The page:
• Technology Platform: implementing a responsive, rapid application development platform that can keep pace with business and market changes. This equips the organisation with the tools to proactively deliver innovation.

      In addition, the MBT Framework’s Maturity Model maps to the four business types defined in the Australian Innovation System Report, and assists companies in taking incremental steps towards achieving ‘persistent innovation’:

      • Operational – Non-innovators
      • Structural – Intermittent-innovators
      • Organisational – Regular-innovators
      • Transformational – Persistent-innovators
      MBT Framework: Innovation Maturity Model
      MBT Framework: Innovation Maturity Model

      By adopting this holistic approach, the MBT Framework addresses the inherent conflicts between innovation and day-to-day operations, identifying what is required to ensure innovation becomes a core and continuous part of the organisation’s DNA enabling them to function as persistent innovators.

      While the initial investment in getting your organisation ‘innovation ready’ is not insignificant, and the task of proper transformation not for the faint-hearted, the long-term benefits and returns realised by investing in innovation holistically, are paramount to a company’s success.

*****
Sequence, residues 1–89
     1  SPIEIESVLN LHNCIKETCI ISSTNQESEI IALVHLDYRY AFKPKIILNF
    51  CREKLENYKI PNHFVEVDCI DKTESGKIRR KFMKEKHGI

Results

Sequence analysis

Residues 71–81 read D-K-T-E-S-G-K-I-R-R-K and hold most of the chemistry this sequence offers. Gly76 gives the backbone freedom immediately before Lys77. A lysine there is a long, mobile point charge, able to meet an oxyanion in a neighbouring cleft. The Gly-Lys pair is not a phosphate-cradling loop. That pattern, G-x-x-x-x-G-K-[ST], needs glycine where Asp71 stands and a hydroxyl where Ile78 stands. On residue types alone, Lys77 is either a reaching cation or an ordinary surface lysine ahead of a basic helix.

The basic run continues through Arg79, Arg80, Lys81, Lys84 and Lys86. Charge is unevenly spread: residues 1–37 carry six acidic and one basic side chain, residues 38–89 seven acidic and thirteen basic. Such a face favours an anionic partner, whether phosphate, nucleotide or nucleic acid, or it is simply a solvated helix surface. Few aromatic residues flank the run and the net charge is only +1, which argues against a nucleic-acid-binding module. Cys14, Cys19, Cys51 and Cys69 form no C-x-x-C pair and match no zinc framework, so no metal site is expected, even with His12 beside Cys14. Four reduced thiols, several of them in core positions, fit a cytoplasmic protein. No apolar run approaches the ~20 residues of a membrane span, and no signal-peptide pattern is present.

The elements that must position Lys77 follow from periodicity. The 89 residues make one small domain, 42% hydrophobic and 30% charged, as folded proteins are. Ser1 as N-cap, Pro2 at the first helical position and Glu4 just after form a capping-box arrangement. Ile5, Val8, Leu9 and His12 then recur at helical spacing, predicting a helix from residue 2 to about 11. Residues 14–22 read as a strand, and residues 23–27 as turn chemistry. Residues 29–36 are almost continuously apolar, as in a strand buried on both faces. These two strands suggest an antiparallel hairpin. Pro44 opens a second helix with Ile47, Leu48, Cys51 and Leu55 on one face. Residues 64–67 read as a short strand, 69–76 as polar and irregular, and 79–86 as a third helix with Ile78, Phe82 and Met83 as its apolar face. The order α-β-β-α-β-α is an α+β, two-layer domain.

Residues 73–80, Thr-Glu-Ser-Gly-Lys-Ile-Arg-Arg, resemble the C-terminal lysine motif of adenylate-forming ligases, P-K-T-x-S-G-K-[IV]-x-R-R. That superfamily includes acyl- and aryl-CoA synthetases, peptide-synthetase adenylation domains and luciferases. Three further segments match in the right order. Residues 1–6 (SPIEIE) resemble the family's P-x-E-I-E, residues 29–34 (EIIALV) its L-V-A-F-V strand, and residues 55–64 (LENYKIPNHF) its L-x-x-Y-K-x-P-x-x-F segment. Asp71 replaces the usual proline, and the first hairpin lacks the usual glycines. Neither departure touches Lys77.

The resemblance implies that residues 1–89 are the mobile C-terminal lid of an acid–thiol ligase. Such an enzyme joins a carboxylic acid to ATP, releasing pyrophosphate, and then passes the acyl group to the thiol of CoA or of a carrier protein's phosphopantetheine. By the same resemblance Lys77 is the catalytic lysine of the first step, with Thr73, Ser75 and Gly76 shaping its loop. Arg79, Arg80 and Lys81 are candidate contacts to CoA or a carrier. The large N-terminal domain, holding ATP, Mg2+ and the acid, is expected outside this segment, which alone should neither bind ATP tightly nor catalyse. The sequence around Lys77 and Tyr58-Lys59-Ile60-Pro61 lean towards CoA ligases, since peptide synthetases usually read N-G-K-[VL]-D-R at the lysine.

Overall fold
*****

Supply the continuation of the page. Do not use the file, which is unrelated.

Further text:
Article References:

      [1] Office of Chief Economist (2016) Australian Innovation System Report,

      [2] ABS (2016) Selected characteristics of Australian businesses, 2014–15, cat no. 8167.0

      [3] Office of Chief Economist (2016) Australian Innovation System Report,

      [4] Strategy& (2016) Top innovators and spenders

      [5] Strategy& (2016) Top innovators and spenders

      [6] Strategy& (2016) Top innovators and spenders

      [7] Forbes (2016) Why R&D spending is not a measure of innovation

  • About the Author

    Chris O'Connor

    Independent Consultant

    MBT Independent Consultant, Chris O’Connor is focused on helping organisations to find the right mix of innovative practices, operational agility and organisational maturity. Chris has over 25 years of experience working with small and large organisations in a variety of industries and experiencing the common problems that the need for change brings. His experience includes organisational transformation, culture and performance, operational change program, innovation and agility, technology lead change initiatives and business and technology integration.